closest match that I can come up with is a Taiga Orange-crowned Warbler
            (it was solidly unmarked gray on its head, breast and back, with a white
            eye stripe.couldn't see its butt in the dark). Would this be a possible
            migrant in the area above Lake Tahoe? Thanks for any help from our
            various CA birding mavens. D.V.


            This past weekend, I was up at Echo Lake Lodge, just west of Lake Tahoe
            along Hwy. 50. I was in the company of many mushrooming friends for a
            weekend of mushroom hunting and feasting, but of course I brought my
            binoculars; from the deck of the chalet, the birds were often at eye
            level. Goshawks were our dramatic, local accipiter, and my friend
            Howard, also a mushrooming birder, saw both Blue Grouse and a Merlin.
            The Clark's Nutcracker's must be anticipating a hard winter.their crops
            were bulging grotesquely with nuts, to the point where one flying by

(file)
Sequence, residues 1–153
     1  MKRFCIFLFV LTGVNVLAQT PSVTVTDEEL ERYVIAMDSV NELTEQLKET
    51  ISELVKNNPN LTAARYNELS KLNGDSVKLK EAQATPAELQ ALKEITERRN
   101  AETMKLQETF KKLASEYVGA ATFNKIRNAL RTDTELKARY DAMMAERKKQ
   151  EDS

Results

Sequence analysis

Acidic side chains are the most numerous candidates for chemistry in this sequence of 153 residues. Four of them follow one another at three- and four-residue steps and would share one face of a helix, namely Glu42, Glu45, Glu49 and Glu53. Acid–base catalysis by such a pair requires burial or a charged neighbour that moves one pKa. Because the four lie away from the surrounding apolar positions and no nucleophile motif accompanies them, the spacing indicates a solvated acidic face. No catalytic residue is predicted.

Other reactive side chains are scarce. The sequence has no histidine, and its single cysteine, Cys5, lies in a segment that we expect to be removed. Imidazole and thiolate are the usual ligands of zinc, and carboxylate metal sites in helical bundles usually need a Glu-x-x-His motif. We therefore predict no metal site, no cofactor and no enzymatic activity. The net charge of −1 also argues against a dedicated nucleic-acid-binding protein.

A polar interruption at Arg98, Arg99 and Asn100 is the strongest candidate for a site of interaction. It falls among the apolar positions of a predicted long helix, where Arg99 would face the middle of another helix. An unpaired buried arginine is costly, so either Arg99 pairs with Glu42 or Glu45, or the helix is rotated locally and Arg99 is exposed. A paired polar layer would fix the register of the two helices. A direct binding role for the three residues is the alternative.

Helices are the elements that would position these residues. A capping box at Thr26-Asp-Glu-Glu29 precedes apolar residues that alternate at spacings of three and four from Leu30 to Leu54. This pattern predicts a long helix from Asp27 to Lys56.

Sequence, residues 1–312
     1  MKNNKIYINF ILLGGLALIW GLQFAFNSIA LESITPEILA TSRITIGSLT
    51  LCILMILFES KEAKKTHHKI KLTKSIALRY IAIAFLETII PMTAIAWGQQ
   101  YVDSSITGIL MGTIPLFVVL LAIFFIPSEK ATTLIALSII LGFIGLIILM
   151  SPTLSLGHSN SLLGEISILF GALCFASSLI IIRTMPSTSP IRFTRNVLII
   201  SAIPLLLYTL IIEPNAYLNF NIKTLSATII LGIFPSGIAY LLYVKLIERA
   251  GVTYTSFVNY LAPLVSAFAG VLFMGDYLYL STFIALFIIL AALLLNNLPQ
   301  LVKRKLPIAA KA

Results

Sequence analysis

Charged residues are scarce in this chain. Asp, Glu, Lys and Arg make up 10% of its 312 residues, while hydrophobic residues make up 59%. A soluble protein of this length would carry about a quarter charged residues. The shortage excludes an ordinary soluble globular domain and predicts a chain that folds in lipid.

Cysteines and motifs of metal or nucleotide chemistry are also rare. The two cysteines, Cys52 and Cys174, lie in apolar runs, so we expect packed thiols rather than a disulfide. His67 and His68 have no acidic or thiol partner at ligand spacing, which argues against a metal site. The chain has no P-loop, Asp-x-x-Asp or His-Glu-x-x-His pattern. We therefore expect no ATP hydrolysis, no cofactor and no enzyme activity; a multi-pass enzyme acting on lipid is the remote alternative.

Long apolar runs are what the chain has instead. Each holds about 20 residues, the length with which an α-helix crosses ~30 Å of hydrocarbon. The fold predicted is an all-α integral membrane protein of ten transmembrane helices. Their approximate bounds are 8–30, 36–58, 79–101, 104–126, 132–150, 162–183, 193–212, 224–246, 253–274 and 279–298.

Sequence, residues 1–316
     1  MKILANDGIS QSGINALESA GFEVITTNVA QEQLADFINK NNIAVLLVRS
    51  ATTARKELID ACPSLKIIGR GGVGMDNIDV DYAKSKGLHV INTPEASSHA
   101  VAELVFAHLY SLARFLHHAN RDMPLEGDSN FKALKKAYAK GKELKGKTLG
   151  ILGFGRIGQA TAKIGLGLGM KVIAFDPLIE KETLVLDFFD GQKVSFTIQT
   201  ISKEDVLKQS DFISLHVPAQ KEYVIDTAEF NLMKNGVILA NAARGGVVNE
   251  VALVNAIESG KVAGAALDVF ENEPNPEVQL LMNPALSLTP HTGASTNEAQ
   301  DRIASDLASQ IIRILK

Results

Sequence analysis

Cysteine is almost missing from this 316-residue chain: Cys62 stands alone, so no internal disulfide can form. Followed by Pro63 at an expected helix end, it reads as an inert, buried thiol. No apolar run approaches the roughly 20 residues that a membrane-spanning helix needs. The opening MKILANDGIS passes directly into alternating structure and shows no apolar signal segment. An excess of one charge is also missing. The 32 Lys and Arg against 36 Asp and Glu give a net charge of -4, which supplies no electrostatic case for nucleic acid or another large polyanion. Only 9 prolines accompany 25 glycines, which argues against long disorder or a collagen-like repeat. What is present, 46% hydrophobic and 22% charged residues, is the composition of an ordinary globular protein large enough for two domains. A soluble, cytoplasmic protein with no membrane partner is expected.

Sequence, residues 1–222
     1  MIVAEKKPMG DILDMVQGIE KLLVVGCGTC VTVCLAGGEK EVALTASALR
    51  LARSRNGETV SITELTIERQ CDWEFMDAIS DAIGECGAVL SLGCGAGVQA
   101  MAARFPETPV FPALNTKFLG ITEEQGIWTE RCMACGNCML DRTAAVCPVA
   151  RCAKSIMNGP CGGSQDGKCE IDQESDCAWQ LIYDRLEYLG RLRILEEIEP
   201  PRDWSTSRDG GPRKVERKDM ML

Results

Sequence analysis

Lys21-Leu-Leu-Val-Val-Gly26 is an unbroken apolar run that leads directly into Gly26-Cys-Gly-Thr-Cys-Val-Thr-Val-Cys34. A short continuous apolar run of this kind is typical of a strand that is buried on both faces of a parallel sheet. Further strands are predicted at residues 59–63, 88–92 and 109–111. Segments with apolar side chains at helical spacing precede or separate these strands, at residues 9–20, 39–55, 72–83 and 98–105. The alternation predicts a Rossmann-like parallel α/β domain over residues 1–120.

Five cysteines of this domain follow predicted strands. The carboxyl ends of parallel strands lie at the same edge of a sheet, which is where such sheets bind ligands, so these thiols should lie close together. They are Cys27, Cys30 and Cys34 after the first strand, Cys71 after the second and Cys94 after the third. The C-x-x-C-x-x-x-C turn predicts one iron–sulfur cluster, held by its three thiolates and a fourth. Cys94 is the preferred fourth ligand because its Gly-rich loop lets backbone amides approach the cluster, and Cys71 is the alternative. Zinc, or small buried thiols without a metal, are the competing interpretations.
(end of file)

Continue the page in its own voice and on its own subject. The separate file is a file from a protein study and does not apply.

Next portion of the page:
almost had the profile of a folded-neck heron! The Steller's jays were
            in raucous voice, and beautiful, fresh plumage; I especially liked the
            pale electric blue streaks on their heads. Saturday night, a plain,
            little gray bird with a faint white eye-line (vireo or warbler, lousy
            light at night) appeared at the window of our main room. It had been
            migrating over, but was captivated by either the light or its own
            reflection. At any rate, we had to turn off all of our lights to get it
            to go back on its journey. After a few minutes of dark, it disappeared.
            Happy trails, little fella.

            Debbie Viess
            Oakland, CA